You know that feeling you get – you might be really stressed or nervous about a job interview or final exam and you had “butterflies” in your tummy? This is actually our brain talking to our gut! New research has discovered that this communication also works in reverse, and the gut can influence the brain too. Gut microbiota (the thousands of microorganisms living in our intestines) can impact how people feel, having a significant role in anxiety, depression and other mood related disorders.
The gut-brain axis
Now that research is showing that there is a two-way signalling pathway, it has been referred to as the gut-brain axis. With gut microbiota prompting central nervous system (CNS) function, and CNS function controlling microbiota composition, this communication happens in both directions, each having an influence on the other. The interaction occurs through the autonomic and enteric nervous systems, and through endocrine, immune and neural pathways. This bidirectional communication was reported after finding a link between gut microbes and the hypothalamic-pituitary adrenal (HPA) axis, finding that depressive episodes have been connected to the impairment of the HPA axis. This link has also shown that stress impacts gut microbiota, and the bidirectional communication between the CNS and microbiota also impacts stress reactivity. During times of stress, our brains can influence the composition of the gut microbiota through the release of cortisol. Cortisol can modify gut permeability, barrier function and ultimately variants of microbiota composition. Additionally, gut microbiota can modify circulating cytokines along with pre- and probiotics, which can control numerous brain functions. Overall this bidirectional communication is having a notable role in the progression of mental disorders.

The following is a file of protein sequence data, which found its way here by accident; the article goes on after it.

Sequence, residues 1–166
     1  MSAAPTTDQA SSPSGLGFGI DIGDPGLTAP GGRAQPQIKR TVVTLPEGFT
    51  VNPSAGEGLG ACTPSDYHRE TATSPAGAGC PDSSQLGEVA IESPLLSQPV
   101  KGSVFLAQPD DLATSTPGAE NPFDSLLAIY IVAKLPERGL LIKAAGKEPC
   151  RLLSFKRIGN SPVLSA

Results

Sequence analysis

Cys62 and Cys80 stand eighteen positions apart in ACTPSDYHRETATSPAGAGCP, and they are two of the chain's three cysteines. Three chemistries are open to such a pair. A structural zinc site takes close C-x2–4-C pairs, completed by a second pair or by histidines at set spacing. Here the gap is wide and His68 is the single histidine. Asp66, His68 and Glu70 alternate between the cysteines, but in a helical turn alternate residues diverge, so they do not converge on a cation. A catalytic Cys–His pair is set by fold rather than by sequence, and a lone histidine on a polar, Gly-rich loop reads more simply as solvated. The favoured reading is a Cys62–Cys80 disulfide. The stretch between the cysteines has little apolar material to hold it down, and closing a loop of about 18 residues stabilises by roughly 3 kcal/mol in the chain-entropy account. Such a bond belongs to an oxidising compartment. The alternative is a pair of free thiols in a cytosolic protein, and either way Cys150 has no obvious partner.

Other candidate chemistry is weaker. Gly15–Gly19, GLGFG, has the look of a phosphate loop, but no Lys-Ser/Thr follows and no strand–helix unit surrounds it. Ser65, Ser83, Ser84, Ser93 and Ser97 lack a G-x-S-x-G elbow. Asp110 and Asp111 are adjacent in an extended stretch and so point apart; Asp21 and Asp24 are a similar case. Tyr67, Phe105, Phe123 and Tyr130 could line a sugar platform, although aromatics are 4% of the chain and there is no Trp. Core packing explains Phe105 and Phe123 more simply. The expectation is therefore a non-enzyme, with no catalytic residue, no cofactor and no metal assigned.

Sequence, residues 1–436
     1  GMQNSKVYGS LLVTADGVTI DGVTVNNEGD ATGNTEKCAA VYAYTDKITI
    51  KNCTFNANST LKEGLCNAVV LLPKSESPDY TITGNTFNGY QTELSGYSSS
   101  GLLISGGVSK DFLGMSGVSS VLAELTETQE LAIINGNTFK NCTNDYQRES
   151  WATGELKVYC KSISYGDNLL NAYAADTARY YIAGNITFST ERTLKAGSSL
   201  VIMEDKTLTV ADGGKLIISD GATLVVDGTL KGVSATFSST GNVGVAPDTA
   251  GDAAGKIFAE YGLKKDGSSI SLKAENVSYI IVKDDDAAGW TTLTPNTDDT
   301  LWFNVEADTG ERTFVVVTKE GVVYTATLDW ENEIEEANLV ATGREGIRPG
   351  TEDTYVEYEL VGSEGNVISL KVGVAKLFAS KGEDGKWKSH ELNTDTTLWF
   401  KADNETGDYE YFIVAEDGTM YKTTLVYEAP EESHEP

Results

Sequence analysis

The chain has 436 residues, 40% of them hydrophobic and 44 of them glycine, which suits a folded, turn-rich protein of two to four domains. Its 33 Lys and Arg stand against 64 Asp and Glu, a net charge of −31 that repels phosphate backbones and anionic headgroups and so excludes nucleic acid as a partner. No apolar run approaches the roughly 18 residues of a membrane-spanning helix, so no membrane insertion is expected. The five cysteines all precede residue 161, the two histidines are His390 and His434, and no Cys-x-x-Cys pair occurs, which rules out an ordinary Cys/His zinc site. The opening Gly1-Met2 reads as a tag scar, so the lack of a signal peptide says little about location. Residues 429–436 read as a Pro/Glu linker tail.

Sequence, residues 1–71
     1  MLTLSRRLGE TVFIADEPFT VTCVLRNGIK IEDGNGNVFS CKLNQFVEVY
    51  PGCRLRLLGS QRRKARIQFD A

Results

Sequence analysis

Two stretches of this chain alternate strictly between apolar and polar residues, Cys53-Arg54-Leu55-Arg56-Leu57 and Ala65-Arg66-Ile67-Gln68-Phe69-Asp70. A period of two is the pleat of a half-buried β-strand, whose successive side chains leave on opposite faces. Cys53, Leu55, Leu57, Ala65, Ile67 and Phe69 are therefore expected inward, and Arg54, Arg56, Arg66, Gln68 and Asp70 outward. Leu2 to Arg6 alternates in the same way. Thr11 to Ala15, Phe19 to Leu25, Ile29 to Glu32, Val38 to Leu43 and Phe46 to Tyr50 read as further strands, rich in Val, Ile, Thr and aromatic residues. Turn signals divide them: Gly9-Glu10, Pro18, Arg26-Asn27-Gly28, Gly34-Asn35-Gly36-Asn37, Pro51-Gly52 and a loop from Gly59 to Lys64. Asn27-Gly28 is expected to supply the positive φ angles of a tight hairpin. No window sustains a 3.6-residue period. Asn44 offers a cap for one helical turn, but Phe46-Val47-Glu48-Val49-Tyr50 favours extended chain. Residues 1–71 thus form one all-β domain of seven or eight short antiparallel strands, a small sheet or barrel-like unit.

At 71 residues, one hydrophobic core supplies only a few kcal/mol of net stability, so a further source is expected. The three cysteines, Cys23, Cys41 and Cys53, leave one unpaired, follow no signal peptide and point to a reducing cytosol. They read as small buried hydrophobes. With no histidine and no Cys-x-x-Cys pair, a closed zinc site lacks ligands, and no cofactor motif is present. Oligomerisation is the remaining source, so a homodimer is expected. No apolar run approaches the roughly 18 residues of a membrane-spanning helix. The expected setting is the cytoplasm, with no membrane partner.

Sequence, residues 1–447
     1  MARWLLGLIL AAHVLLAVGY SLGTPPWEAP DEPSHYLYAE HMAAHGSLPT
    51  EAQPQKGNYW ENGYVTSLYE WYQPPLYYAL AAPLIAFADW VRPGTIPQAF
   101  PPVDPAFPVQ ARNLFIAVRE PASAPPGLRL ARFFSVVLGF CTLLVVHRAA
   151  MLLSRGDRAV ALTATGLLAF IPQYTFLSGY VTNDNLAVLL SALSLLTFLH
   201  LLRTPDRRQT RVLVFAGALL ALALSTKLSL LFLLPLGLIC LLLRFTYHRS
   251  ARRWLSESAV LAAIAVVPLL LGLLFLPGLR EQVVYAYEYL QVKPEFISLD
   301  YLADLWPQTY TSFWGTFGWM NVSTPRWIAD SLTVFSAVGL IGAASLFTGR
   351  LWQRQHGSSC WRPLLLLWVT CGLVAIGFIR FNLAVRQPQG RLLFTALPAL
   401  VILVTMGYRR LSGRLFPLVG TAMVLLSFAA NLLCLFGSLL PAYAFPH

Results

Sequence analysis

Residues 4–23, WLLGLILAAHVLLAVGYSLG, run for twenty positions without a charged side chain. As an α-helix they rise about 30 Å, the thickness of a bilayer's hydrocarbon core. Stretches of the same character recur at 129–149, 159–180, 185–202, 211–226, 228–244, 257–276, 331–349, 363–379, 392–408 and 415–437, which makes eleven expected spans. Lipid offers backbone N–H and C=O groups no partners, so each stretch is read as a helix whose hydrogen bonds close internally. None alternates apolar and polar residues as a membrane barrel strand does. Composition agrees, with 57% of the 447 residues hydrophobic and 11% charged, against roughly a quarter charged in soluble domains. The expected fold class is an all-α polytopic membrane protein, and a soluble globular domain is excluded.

In a recent study from 2015, researchers have discussed the latest evidence that subconscious inputs from microbes can actually influence emotions and behaviours. These researchers have found that gut microbiota impacts the development of emotional behaviour, stress modulation and brain neurotransmitter systems.
Gut microbiota, depression and anxiety
In a review published late last year, researchers noted that major depressive disorder is disproportionately dominant in people with gastrointestinal illnesses such as inflammatory bowel disease, which has already been associated with gut microbiota function. They explain further that links found between major depressive disorder, immune response and inflammation have been found, specifically, that people with major depressive disorder have shown changes in proinflammatory and cell-mediated immune cytokines. Further, it has been shown that people who suffer from inflammatory bowel diseases, which are characterised by an altered microbiome, have poorer emotional function such as anxiety or depression. Again, this is linked to cytokines. studies suggest that altered microbiome influences the host behaviour, by releasing host immune factors like cytokines, which have neuronal targets within the central and enteric nervous systems respectively. With several studies noting a cytokine response particularly in response to irritable bowel syndrome or functional dyspepsia, though not linked to all gut disorders. Another train of thought is around the immune response and looking at inflammatory pathways, particularly around intestinal endothelium and the blood-brain barrier, this has stemmed from work in mice but further research is needed. Ultimately whilst we know now this bidirectional communication is occurring, an overarching mechanism to explain for all types of gut disorders remains elusive. With new research coming out, hopefully this answer is in the pipeline.